; ; ; ; ;
Award ID(s):
Publication Date:
Journal Name:
Food webs
Page Range or eLocation-ID:
Sponsoring Org:
National Science Foundation
More Like this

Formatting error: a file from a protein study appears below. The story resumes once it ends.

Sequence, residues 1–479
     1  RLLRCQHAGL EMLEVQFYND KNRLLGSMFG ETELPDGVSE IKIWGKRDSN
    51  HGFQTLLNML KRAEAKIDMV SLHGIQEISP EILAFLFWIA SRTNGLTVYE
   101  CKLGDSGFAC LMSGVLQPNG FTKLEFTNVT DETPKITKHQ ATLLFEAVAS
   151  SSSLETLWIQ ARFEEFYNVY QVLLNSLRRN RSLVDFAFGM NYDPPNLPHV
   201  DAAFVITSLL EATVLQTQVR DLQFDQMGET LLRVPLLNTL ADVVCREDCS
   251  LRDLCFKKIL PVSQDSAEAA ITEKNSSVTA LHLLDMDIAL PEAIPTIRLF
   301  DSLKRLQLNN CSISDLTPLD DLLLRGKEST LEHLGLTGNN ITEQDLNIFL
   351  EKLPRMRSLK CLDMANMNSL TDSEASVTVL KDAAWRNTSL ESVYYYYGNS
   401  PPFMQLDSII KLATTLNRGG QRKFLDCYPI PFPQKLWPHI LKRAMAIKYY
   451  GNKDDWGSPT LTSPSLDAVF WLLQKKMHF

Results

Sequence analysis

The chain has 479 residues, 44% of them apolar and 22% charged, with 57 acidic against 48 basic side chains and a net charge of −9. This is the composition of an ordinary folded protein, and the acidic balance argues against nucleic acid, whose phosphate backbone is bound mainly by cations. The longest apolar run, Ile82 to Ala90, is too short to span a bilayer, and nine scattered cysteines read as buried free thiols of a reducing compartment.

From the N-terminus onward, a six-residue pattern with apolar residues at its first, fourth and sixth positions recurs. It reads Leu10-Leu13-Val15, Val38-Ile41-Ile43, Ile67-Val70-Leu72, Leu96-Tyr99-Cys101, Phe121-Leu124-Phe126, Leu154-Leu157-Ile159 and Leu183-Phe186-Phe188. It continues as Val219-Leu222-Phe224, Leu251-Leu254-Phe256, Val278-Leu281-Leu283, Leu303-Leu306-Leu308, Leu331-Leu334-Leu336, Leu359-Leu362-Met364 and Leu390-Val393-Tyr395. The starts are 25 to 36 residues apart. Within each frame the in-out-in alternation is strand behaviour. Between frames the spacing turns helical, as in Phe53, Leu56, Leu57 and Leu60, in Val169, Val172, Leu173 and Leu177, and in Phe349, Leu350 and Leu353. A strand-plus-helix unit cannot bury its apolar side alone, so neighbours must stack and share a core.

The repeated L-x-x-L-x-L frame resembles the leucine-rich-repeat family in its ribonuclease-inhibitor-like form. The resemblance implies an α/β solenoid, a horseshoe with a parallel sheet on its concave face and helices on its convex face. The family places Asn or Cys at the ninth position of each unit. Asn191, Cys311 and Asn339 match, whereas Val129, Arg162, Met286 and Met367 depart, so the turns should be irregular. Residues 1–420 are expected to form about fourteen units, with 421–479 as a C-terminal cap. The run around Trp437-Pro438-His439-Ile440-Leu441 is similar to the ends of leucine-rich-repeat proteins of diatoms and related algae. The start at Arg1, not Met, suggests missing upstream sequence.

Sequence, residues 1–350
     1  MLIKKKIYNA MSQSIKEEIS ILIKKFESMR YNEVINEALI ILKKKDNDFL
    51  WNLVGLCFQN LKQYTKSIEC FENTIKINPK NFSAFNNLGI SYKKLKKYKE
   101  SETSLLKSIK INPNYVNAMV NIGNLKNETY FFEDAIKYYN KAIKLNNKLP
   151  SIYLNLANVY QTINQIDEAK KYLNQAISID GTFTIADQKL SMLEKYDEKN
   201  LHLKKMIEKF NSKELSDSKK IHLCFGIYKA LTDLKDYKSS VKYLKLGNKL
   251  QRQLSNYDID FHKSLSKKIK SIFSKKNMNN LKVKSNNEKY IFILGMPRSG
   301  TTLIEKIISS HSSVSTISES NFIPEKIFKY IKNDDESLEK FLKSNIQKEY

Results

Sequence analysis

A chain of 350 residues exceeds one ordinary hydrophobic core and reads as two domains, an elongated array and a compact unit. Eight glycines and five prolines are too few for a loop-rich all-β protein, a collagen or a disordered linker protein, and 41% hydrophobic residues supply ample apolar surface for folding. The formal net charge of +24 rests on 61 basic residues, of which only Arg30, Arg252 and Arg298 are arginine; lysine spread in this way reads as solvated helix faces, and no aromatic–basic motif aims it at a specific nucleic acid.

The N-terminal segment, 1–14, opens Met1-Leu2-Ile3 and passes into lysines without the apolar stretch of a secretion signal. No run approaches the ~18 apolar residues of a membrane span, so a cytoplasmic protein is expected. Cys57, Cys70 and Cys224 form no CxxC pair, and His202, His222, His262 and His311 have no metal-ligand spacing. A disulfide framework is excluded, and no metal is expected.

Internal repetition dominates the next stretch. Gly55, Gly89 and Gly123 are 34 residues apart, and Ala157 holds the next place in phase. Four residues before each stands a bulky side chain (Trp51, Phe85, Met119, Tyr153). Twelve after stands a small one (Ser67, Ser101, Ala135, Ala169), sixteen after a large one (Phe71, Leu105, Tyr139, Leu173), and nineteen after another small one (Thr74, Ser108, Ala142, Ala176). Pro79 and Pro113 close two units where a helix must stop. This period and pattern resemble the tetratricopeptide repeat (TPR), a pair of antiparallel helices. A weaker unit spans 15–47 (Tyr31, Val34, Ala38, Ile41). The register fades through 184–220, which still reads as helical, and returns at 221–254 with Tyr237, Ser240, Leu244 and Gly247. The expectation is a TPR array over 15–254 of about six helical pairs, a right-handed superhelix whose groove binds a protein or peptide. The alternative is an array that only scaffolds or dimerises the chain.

1. Abstract Climate change is altering naturally fluctuating environmental conditions in coastal and estuarine ecosystems across the globe. Departures from long-term averages and ranges of environmental variables are increasingly being observed as directional changes [e.g., rising sea levels, sea surface temperatures (SST)] and less predictable periodic cycles (e.g., Atlantic or Pacific decadal oscillations) and extremes (e.g., coastal flooding, marine heatwaves). Quantifying the short- and long-term impacts of climate change on tidal marsh seascape structure and function for nekton is a critical step toward fisheries conservation and management. The multiple stressor framework provides a promising approach for advancing integrative, cross-disciplinary research onmore »tidal marshes and food web dynamics. It can be used to quantify climate change effects on and interactions between coastal oceans (e.g., SST, ocean currents, waves) and watersheds (e.g., precipitation, river flows), tidal marsh geomorphology (e.g., vegetation structure, elevation capital, sedimentation), and estuarine and coastal nekton (e.g., species distributions, life history adaptations, predator-prey dynamics). However, disentangling the cumulative impacts of multiple interacting stressors on tidal marshes, whether the effects are additive, synergistic, or antagonistic, and the time scales at which they occur, poses a significant research challenge. This perspective highlights the key physical and ecological processes affecting tidal marshes, with an emphasis on the trophic linkages between marsh production and estuarine and coastal nekton, recommended for consideration in future climate change studies. Such studies are urgently needed to understand climate change effects on tidal marshes now and into the future.« less